A proposal to exempt most pine trees from North Charleston’s tree protection rules moved ahead Thursday, with Mayor Keith Summey saying the change was needed to remove an unfair burden faced by developers.

Several City Council members said they saw no need to change the existing rules, which generally require that new trees are planted, or payments can be made to a city tree fund, when trees are cut down. There are numerous exceptions to the requirement, and the replace-or-pay requirement is halved when pine trees are cut down under current rules.

“What’s wrong with the ordinance we have now?” said Councilman Bob King.

Summey said, and some council members agreed, that pine trees are generally undesirable, and the mayor said it’s burdensome for developers to include every pine tree at least 8 inches in diameter in the tree surveys they are required to produce, and then replace or pay for each one they cut down.

“They have to pay into the tree bank,” which I think is unfair,” said the mayor.

The city’s tree fund has collected more than $650,000 over roughly 11 years, and the city uses the money to plant new trees.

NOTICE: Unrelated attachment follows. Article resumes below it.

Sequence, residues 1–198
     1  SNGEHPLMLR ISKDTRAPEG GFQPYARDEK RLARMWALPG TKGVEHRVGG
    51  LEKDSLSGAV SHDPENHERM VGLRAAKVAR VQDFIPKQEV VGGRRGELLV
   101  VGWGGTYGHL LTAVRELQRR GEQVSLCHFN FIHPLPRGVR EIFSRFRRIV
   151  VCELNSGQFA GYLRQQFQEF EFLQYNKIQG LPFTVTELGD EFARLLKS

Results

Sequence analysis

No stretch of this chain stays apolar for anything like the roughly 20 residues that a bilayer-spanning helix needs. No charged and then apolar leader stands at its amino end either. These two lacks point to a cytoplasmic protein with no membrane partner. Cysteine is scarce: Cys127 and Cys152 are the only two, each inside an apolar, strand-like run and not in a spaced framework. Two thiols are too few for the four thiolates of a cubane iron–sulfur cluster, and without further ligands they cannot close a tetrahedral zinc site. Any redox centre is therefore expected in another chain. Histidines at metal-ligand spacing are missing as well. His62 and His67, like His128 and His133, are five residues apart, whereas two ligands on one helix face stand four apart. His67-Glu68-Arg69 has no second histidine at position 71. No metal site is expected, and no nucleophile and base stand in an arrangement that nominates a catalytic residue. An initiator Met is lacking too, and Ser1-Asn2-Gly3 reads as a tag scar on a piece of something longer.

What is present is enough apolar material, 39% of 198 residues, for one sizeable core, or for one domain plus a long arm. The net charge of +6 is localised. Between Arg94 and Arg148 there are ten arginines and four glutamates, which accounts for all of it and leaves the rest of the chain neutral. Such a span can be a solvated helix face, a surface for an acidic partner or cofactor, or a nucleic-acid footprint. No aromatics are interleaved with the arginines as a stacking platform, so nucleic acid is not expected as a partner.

In a concession to opponents since the rule change for pine trees was first proposed last week, pine trees at least 24 inches in diameter would still count toward tree replacement or payments.

Councilman Ron Brinson said the property owners association where he lives, in the Coosaw Creek development, decided years ago that pine trees were a threat to homes and shouldn’t be protected. Brinson said the city of Charleston also exempts smaller pine trees from protection.

“If they are close to buildings, they can be very destructive,” he said.

The city would still protect pine trees if they are in buffer areas between developments, and diseased or dangerous trees could be cut down without penalty.

Like King, Councilman Dwight Stigler also saw no need for a change.

“I think the (proposed ordinance) is just flat out wrong,” he said. “We don’t have anything that’s broken, now.”

King suggested that the regulatory change was being proposed “for some particular properties” that he did not name.

It’s common knowledge, however, that the largest development plan under way in North Charleston is the Ingleside Plantation development, covering about 1,500 acres between Interstate 26 and Palmetto Commerce Parkway. The mayor’s son, Elliott Summey, is heading up that development plan as a vice president for Weber USA.

“There is no ordinance being proposed for any particular piece of property, I can assure you of that, sir,” Summey told King.

The council voted 8-3 for the rule changes, with King, Stigler, and Councilman Ed Astle opposed. The ordinance next goes back to the city’s Planning Commission, which has unanimously opposed the earlier version of the proposal.

Reach David Slade at 937-5552